Why The World Needs Vultures
10th January 2019
At Wild Images we specialise in photography tours that get you up-close and personal with the world’s most iconic wildlife in some of the most spectacular locations on the planet. We’re also passionate advocates for lesser-known species, especially those that are overlooked, misunderstood and or under threat. One such species is the vulture.
When eminent naturalist, Charles Darwin observed a turkey vulture from the deck of the Beagle in the mid-1830s, and labelled it as a “disgusting bird” amongst other things, he inadvertently tarnished the image of vultures worldwide and condemned them to almost 200 years of persecution and poor public relations.
The likelihood that you’ll encounter one or more species of vulture on a Wild Images tour, such as Ethiopia, Tanzania, Kenya, South Africa, Brazil, Chile, Botswana, India, Sri Lanka, North America or Tibet, is extremely high, so we thought it only right that we share some astonishing insight into this extremely important and extraordinary group of birds.
Old World Versus New World Vultures
While vultures the world over share notable characteristics and engage in the same ecological task of nature’s clean up crew, they are in fact, divided into two general classifications: Old World vultures and New World vultures each with their own geographic and evolutionary distinctions.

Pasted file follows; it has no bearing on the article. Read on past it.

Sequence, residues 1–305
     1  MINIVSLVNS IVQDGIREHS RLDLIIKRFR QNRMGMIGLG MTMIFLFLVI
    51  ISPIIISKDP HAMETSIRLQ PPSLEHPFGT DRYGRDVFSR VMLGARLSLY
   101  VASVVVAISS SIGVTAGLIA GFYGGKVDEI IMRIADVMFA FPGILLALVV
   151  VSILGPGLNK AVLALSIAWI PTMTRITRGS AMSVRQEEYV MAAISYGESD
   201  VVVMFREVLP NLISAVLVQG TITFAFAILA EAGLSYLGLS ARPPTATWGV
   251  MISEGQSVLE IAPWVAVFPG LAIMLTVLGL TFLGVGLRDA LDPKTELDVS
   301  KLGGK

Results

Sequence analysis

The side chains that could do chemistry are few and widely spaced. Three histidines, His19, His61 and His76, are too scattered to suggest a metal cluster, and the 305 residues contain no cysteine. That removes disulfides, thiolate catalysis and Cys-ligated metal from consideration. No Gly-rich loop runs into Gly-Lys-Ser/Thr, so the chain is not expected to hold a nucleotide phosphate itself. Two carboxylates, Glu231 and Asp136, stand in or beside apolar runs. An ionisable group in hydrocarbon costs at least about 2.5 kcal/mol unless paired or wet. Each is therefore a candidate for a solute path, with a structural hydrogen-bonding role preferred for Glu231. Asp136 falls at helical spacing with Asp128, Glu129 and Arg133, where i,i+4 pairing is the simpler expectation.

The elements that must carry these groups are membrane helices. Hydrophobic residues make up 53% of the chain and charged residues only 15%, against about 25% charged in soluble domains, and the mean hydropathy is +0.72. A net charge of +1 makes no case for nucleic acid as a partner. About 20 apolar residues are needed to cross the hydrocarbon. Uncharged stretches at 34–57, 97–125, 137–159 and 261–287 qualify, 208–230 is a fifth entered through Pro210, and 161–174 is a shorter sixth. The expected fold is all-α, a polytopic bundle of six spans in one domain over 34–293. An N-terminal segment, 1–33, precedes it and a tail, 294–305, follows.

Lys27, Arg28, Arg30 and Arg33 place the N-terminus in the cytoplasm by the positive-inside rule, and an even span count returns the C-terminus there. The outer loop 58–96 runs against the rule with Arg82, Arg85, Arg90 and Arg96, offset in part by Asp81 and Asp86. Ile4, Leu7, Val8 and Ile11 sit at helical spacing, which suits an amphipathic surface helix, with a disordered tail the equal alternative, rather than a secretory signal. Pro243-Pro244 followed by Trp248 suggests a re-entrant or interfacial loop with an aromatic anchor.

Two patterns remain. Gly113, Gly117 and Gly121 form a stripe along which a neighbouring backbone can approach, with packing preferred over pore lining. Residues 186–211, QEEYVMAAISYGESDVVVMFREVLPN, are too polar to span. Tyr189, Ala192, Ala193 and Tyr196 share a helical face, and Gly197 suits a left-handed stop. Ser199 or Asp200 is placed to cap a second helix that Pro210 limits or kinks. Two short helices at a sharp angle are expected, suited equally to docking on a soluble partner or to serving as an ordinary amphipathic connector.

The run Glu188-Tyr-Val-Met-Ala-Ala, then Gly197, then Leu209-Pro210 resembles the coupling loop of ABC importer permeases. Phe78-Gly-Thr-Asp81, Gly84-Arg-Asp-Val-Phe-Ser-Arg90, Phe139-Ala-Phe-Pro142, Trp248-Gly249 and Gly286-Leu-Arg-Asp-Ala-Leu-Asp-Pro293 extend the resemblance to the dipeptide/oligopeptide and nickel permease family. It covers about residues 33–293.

As these two categories imply, New World vultures (family Cathartidae), of which there are seven, can only be found throughout North and South America while Old World vultures (family Accipitridae), of which there are 16, can be found throughout Europe, Africa and Asia.
The principal evolutionary difference between Old and New World vultures is how they find their food. Old World vultures lack the keen sense of smell of New World vultures and therefore have to depend on their acute vision. Some New World vultures, such as the Turkey vulture can pick up the scent of a rotting carcass from over a mile away (up to two kilometres).
Old World vultures have strong, gripping feet with large talons and are most closely related to raptor species such as eagles, hawks and buzzards. New World vultures on the other hand are most closely related to storks and herons and have weaker feet giving them the ability to step aside quickly and to run.
Tagged as unhygienic and ugly, vultures are commonly viewed with disdain, particularly in Western cultures, with most societies failing to recognise the importance of the role vultures play in protecting and preserving the World’s fragile ecosystems.
In the Chinese province of Tibet, Qinghai and Inner Mongolia and Mongolia, vultures are revered. So much so, that sky burials (a form of funeral practice) are performed on mountaintops where corpses of deceased loved ones are laid to rest and offered up to vultures in the belief that they [the vultures] provide a convenient passage for the ascension of souls in to heaven. It’s also regarded as one final good deed to another living creature.
Vultures Are Highly Efficient
Vultures are a crucial component to maintaining a healthy and robust ecosystem. While many animals feed on carrion, vultures have the unique ability to eat carrion that’s surrendered to the effects of disease and decomposition, a feat few animals can equal. To illustrate just how incredibly hardy and efficient they are, experiments have revealed that vultures are virtually immune to botulism, anthrax, rabies, hog cholera and other viruses that would be fatal to most other scavengers.